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|Articles - May 2013|
|Monday, April 29, 2013|
BY BRANDON SAWYER
TriMet, Oregon’s biggest transit agency, took passengers for a bumpy ride last year — reducing service, cutting routes, eliminating its “Free Rail Zone” and raising fares. But the agency boosted passenger miles 5% to 472 million for the 12 months ending June 2012 and increased boarding rides 2% to 103.3 million. Smaller transit systems are also gaining momentum. Corvallis Transit became entirely fareless in 2011 with a citywide tax, and Southern Oregon’s Rogue Valley Transportation District received a three-year federal Congestion Mitigation and Air Quality grant in April 2012, allowing it to introduce evening and Saturday service. Since then, ridership has increased 24%. Paige Townsend, RVTD senior planner, notes that transit use has been on the rise nationally, with a 1.6% increase in the second quarter of 2012. Figures from the National Transit Database provide a 2010-2011 comparison of agencies around the state.
Tuesday, June 09, 2015
The technology at the center of Oregon’s road usage fee reform.
Wednesday, July 29, 2015
Pushing the extreme.
Thursday, June 25, 2015
An international architecture firm known for its design of the National September 11 Memorial Museum Pavilion in New York unveiled its plan this week for a modern indoor/outdoor food market at the foot of the Morrison Bridge in downtown Portland.
Tuesday, July 14, 2015
The Big One serves as an allegory for Portland, a city that earns plaudits for lifestyle and amenities but whose infrastructure is, literally, crumbling.
Wednesday, June 10, 2015
Jeff Lang and his wife Rae used to dole out campaign checks like candy. “We were like alcoholics,” Lang says. ”We couldn’t just give a little.”
Wednesday, July 15, 2015
Oregon's roads are crumbling, and revenues from state and local gas taxes are not sufficient to pay for improvements. We asked readers if the private sector should help fund transportation maintenance and repairs. Research partner CFM Strategic Communications conducted the poll of 366 readers in February.
"I feel private enterprises are capable of operating at a higher efficiency than state government."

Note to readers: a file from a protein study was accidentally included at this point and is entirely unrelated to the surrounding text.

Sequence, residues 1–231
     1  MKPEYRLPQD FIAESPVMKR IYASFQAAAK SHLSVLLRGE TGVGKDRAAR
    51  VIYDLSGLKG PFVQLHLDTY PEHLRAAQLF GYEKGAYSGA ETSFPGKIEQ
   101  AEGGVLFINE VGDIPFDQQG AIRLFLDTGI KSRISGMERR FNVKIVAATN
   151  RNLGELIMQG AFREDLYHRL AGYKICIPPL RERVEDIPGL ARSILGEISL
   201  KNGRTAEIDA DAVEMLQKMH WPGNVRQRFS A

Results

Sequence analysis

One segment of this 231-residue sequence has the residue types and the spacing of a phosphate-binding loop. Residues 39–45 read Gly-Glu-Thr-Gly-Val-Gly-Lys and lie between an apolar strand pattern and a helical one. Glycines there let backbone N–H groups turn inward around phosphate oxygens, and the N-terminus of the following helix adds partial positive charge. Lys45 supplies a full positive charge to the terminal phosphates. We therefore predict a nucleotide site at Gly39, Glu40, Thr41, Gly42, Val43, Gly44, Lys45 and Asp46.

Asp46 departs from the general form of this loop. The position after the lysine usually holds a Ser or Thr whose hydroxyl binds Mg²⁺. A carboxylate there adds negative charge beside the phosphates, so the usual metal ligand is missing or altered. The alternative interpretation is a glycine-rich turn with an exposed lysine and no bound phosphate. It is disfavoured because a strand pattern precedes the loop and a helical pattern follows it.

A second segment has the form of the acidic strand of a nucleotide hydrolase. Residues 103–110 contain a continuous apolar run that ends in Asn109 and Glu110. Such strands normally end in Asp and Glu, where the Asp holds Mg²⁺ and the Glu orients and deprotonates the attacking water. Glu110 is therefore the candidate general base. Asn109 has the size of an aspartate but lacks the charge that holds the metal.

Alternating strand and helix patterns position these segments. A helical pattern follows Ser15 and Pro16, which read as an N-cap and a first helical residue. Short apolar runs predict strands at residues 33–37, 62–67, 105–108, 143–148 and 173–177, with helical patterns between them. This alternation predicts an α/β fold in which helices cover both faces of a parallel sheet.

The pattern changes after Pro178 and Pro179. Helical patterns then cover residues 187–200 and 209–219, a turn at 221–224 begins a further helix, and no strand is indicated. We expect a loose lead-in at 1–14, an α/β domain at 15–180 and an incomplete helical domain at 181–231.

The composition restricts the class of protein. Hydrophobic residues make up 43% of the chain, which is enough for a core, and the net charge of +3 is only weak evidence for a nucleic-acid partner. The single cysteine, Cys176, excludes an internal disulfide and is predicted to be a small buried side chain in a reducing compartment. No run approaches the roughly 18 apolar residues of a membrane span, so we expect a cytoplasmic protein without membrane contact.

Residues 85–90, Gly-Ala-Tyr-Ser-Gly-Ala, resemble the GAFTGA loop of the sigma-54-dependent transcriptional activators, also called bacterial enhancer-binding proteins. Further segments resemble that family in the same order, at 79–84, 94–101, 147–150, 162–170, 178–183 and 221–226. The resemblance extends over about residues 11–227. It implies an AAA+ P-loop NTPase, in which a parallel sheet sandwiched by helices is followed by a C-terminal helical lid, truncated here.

"This has been used in Oregon since the mid-1800s. It is not a new financing method. This form of financing may help Oregon close its infrastructure deficit by leveraging funds."
Monday, July 13, 2015
BY CHRIS NOBLE
Whether you're stepping out to work or onto the track, Pacific Northwest shoe companies have you covered.
|10 Innovators in Rural Health|
|The Private 150: From Strength to Strength|
|Flattery with Numbers|
|Downtime with Debra Ringold|
|Farm in a Box|
|Preserving the Legacy|
|Portland fireworks hotline overloaded by call volume|
|Rolling Stone magazine sued by UVA frat brothers|
|'Kayaktivists' hang from St. Johns Bridge to protest Shell Oil ship|
|Legal pot sales to start Oct. 1 in Oregon|
|Best Buy will sell Apple Watch, is hoping it boosts sales|
|Biologist estimates 80% of sockeye population could die due to hot water|
|Fiat Chrysler must offer to buy back 500K Dodge Ram trucks|
One of the many reasons why businesses fail is due to the lack of attention to analytics. Sure, you can go on running your business, but mastering the science of analytics will translate into a business advantage. But what exactly are analytics and why are they so important?
Court experience helps legal firm anticipate potential problems for clients and prevent expensive litigation.
When Garmin AT needed to consolidate operations for its 550 employees, it scanned its entire corporate map for possible sites.
Professional and Continuing Education (PACE) and the College of Business at Oregon State University is offering “Business Analytics for Competitive Advantage”, a two-day intensive workshop.
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A look back at the shifting sands of Portland’s growth and development.